The Huffington Post suggests that having a LinkedIn profile in an age of technology is absolutely crucial for college students. Utilize these (free) tools LinkedIn provides to brand yourself as the employee the company you want to work for will WANT. It does not happen overnight, but the connections you make will prove to be a great source of support, information and encouragement.

There are multiple tutorials on how to use LinkedIn efficiently for various purposes. Click and save to your bookmarks:

LinkedIn for Students

LinkedIn Guide and Checklist

Again, Be sure to click the hyperlinks within this post! The curated links will assist you in crafting the most effective profile for LinkedIn. Please do not hesitate to connect with me at any of my social touch points!photo credit: Graela via photopin cc


Translating Business Objectives into Social Media Objectives

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This month, my Social Media MBA students are working on a project that involves a website, blog, and multiple peripheral social media platforms such as Twitter and Facebook. The objective of this project is to give them a virtual sandbox of sorts to put into action what they have learned in my previous two social media courses. The project involves creating a social media strategy from the ground up. Quite a challenge with the limited amount of time in a semester. However, they are moving right along and will pass the torch so to speak when their course ends.

The first hurdle we faced this term was setting goals and objectives that accurately addressed our vision and mission. This is often the case for many businesses. Initial goals and objectives are either too broad, not specific enough, or not measurable. Once we clearly defined our business objectives, the social strategy fell into place.

Regardless of the type of new business venture, organizations should evaluate their business objectives, strategies, and tactics beforehand. The world of social media is no different. Each organization is unique, and their approaches to social media strategy will vary according to set business objectives.

Before undertaking any type of social media initiative, an organization must begin with identifying objectives and then coordinating social media activities that address those objectives specifically. Most readers would choose to utilize social media to ‘increase sales’ armed only with an arsenal of tactics such as start a contest on Facebook, develop a blog with postings weekly; set up related Twitter feed. These actions in and of themselves are fine and could very well increase sales. However, what about the long term?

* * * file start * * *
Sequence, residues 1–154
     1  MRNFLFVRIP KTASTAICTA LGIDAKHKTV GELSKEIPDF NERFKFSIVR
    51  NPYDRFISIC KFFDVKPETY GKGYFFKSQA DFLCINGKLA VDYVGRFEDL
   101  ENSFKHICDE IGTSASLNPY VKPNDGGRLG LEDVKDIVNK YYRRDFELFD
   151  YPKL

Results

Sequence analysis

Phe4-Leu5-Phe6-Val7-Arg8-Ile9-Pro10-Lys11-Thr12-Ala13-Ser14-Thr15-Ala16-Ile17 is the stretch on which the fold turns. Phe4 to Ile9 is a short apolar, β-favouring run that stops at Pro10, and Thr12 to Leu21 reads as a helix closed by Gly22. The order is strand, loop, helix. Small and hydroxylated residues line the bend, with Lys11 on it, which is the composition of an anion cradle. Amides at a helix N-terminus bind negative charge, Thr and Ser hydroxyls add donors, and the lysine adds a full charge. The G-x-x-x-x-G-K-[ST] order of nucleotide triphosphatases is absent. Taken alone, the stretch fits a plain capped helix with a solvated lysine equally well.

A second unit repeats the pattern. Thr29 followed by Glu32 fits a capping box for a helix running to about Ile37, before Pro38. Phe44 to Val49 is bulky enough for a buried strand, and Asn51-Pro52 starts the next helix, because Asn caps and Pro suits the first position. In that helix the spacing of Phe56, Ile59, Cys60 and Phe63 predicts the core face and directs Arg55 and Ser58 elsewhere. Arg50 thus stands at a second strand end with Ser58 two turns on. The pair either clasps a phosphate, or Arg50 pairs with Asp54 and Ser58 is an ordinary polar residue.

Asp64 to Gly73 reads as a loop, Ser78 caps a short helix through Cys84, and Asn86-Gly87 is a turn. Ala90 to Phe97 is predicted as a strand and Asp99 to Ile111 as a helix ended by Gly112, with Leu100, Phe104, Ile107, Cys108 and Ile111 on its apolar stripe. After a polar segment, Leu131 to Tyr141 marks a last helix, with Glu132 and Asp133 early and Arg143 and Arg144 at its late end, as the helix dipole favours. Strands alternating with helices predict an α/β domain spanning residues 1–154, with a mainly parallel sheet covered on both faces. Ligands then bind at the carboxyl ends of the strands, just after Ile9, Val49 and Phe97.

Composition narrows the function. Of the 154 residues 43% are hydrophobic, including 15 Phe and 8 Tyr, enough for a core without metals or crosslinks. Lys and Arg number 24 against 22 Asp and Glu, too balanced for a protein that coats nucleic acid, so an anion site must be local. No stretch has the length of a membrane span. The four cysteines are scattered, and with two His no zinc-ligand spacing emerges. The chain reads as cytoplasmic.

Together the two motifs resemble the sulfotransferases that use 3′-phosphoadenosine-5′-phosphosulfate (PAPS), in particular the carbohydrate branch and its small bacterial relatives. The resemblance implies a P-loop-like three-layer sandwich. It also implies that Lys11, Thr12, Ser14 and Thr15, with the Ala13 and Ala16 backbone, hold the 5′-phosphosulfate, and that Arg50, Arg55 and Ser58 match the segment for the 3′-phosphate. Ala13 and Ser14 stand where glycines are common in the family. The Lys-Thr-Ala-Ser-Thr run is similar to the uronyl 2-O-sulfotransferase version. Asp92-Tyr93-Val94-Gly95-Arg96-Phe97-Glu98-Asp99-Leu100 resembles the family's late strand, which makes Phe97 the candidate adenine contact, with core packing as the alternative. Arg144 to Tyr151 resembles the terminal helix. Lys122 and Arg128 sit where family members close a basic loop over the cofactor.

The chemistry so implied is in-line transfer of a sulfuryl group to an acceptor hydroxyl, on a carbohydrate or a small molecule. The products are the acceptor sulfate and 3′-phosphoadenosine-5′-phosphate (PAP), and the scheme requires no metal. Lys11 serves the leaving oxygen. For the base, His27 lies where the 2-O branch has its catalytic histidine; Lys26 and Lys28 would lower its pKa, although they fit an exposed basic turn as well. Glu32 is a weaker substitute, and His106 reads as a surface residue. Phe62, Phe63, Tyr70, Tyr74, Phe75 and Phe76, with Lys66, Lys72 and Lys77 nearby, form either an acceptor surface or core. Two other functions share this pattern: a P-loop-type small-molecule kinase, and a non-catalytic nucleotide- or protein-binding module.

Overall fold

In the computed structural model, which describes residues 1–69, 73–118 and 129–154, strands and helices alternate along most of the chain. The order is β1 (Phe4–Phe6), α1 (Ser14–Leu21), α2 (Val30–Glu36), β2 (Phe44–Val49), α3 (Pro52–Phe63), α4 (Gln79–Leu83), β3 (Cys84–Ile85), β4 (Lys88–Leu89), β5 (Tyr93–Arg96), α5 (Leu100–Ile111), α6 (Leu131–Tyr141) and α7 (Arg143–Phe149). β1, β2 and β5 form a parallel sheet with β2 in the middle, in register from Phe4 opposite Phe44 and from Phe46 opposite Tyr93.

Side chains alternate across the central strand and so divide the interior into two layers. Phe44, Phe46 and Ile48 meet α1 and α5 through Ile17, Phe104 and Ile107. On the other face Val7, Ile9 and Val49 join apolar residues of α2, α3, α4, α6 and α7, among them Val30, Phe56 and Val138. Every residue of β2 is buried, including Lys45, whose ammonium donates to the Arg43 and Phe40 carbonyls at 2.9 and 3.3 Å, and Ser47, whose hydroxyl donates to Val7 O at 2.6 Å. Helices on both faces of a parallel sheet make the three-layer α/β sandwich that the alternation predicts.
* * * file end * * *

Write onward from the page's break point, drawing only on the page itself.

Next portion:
A viable social media strategy should start with these basic questions:

* Who? Who is your target audience, where are they online, how can you reach them?
* What? What are your primary objectives? These could be building brand awareness, building online credibility, providing education about your brand; increase sales. Again, these tie back in to the overall organizational objectives.
* When? When will you evaluate the social strategy, and how will you evaluate it? Often organizations have no real set time-frame in which to assess objectives to ascertain if they are on target or if plans need to be re-evaluated or possibly revamped.
* Where? Where does the social strategy fit into the overall business? When utilizing such tools as Twitter and Facebook, brands are realizing that social media sites can provide support for not only the marketing and sales departments, but can also assist with educational endeavors, public relations, and even customer care. A social strategy often spans over different departments and objectives should be formulated accordingly.
* Which? Which employees/departments will oversee social media, be responsible for posting, and reporting?
* How? How will you differentiate yourself from the competition? Identify your competitors strengths and weaknesses as well as your own, this will help in planning your social strategy.

A key concept for business to understand is that a large portion of Internet traffic still comes from searches, and mobile use for these searches will soon exceed those done via personal computer! Read the entire article on Maximize Social Business.


Guest Post: 5 Reasons to Hire a Social Media Marketing Professional

AslanMedia / Foter / CC BY-NC-ND